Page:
The operators explained their present conditions and how they’ve adjusted during the pandemic.
Kulp’s business, mostly made up of insurance replacement rentals, was down about 60% in April and May, but has slowly recovered to where the busines is down to about 15% in September and October. Kulp has been dealing with the trend of body shop consolidation over the last 10 years. “The one-man independent body shop is disappearing,” he said.
Kulp was able to pivot to dealership rentals with warranty and recall work. Outside sales has become much more important, Kulp said, adding that two of his staffers are tasked with calling 20 body shops and dealers a day to solicit new business.
Cramer’s business today is primarily long-term rentals. “I always say our business is much more reliable,” he said, adding that the business took a 20% to 25% revenue hit in the depths of the pandemic, but has come back to be down only about 10% today. “The greatest silver lining that we've all had is an extremely hot used car market,” he said. “We've been aggressively turning inventory, selling anything that's not pretty much nailed down.”
Cramer said he didn’t pivot to new business, instead he concentrated on working with his existing customers. About 30% of his customers had problems making their payments. “A lot of them we gave 50% discounts for a month or two and said hey, let's work through this together,” he said.
Cramer figured that keeping customers was more important than inflexibility on payments and having cars returned to sit on the lot.
Kusinitz’s business was down commensurately. He implemented a contactless, curbside delivery service, which was done “in an old-school fashion.”
That meant emailing a contract and taking payment remotely, leaving keys in the car in a secure parking garage, and having the employee and renter take photos. He’s looking to upgrade the process with a new system and software.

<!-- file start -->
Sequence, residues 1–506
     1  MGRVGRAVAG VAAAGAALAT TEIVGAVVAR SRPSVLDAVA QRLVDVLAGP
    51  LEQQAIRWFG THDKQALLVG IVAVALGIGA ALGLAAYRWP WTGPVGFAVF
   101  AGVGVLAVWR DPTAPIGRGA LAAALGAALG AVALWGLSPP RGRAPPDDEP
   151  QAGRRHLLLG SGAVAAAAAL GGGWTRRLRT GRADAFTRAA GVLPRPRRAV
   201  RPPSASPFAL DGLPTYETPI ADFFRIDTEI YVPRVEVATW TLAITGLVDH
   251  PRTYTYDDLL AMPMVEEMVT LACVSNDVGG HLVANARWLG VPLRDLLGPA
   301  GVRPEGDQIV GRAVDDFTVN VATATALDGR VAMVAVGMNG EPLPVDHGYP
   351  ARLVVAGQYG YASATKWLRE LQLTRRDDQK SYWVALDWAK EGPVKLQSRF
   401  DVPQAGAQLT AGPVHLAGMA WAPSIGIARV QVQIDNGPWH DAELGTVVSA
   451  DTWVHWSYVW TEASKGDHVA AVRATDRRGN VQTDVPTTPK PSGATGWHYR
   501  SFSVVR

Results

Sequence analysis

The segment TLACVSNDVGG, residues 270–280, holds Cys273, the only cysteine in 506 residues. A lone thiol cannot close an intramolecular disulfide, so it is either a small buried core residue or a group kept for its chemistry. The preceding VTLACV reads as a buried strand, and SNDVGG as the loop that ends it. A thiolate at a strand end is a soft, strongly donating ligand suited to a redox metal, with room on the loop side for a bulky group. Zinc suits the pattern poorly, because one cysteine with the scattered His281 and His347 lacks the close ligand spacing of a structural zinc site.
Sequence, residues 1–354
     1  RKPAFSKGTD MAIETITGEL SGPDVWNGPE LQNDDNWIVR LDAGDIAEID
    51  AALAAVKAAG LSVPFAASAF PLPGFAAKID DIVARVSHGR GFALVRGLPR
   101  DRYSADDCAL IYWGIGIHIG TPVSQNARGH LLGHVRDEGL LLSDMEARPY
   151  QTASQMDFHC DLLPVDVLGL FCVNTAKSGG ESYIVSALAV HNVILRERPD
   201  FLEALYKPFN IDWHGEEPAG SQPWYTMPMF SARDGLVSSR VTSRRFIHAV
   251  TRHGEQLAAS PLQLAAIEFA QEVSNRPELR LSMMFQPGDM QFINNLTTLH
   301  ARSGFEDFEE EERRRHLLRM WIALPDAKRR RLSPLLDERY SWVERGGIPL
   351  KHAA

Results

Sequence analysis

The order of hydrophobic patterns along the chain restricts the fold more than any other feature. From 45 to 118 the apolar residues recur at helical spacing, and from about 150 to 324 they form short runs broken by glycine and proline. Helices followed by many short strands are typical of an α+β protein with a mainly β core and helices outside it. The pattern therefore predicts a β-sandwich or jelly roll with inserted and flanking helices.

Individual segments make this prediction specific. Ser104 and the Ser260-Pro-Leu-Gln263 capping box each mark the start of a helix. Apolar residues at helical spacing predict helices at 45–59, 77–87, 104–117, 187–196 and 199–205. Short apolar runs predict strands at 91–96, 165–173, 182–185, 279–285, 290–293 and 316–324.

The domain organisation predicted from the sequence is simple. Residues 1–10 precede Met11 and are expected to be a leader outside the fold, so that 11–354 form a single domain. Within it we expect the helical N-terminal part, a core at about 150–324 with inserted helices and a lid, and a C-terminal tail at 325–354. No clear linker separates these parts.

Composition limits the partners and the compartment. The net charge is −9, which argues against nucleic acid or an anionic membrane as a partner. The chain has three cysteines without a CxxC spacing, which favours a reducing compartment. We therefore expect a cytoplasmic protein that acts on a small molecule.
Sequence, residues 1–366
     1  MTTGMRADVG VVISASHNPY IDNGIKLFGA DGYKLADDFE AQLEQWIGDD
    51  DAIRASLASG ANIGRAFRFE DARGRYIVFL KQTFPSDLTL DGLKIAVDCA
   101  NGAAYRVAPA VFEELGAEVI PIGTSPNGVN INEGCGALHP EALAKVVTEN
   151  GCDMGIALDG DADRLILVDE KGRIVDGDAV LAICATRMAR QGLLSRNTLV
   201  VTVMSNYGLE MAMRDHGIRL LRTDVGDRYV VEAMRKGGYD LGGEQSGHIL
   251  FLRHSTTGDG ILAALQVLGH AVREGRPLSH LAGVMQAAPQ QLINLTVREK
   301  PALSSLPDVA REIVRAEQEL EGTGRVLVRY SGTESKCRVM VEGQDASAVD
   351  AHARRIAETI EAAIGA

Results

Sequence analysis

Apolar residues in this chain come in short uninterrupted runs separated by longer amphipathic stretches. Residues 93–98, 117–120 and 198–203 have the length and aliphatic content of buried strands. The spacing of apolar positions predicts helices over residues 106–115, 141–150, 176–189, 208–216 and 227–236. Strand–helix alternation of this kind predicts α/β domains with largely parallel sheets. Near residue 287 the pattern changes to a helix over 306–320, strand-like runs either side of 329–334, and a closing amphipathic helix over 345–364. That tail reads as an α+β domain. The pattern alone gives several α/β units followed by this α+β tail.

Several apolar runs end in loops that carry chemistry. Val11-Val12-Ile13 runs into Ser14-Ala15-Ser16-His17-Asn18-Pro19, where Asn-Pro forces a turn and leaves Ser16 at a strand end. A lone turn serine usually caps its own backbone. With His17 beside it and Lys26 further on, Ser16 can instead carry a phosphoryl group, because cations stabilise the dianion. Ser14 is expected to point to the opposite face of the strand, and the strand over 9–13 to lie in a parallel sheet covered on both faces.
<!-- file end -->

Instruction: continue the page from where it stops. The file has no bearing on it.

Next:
Kusinitz has been renting vans to independent Amazon contractors and package delivery companies, and there is high demand. But he cautions that drivers put on a lot of miles, subjecting the vans to repair issues, and the time dealing with these types of rentals is outsized compared to overall profits.
“Those maintenance costs are real,” he said. “And you have to make sure you're charging the right price for the product, knowing the amount of use that (the vans are) going to get,”
While all three of these seasoned operators de-fleeted heavily into the hot used car market, they believe they’ll be just fine on allocation for the next few quarters.
Finally, Alex Fraser of Pivet, a division of Cox Automotive Mobility, presented “Innovations to Drive Utilization and Rental Customer Engagement.”
Fraser spoke about how mobile maintenance is addressing the critical need to drive uptime and how the safety systems in today’s vehicles need calibration. He finished with a fitting cap to ICRS Experience, which presented a window to the future for some operators in car rental.
No one in the retail space is better poised to succeed more than rental.
He referenced the many startups and technology companies that have platforms to provide cars to consumers. “They have cool ideas, but almost all of their models are built on someone else owning their vehicles,” he said. “They don’t want to own them.”
Car rental companies are the asset owners, and the financial markets have accepted them as the owners, he said. In the context of a subscription service — the hot new idea — the asset owners are coveted and can profit from the relationship.
“You guys live this business already,” he said. “You’re in a very real position to compete in the retail car business with subscriptions. Nobody is better positioned than that.”
We’ll see you in person, someday soon. Stay tuned!